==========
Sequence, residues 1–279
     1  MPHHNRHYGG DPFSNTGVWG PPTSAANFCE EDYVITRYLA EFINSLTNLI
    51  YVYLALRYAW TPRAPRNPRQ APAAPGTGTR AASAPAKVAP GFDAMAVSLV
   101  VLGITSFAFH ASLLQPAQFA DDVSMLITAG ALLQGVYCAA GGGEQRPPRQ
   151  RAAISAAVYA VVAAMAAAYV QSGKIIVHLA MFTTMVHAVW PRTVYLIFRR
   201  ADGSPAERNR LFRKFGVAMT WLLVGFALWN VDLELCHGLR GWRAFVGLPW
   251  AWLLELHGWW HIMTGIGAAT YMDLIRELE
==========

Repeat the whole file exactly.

Sequence, residues 1–279
     1  MPHHNRHYGG DPFSNTGVWG PPTSAANFCE EDYVITRYLA EFINSLTNLI
    51  YVYLALRYAW TPRAPRNPRQ APAAPGTGTR AASAPAKVAP GFDAMAVSLV
   101  VLGITSFAFH ASLLQPAQFA DDVSMLITAG ALLQGVYCAA GGGEQRPPRQ
   151  RAAISAAVYA VVAAMAAAYV QSGKIIVHLA MFTTMVHAVW PRTVYLIFRR
   201  ADGSPAERNR LFRKFGVAMT WLLVGFALWN VDLELCHGLR GWRAFVGLPW
   251  AWLLELHGWW HIMTGIGAAT YMDLIRELE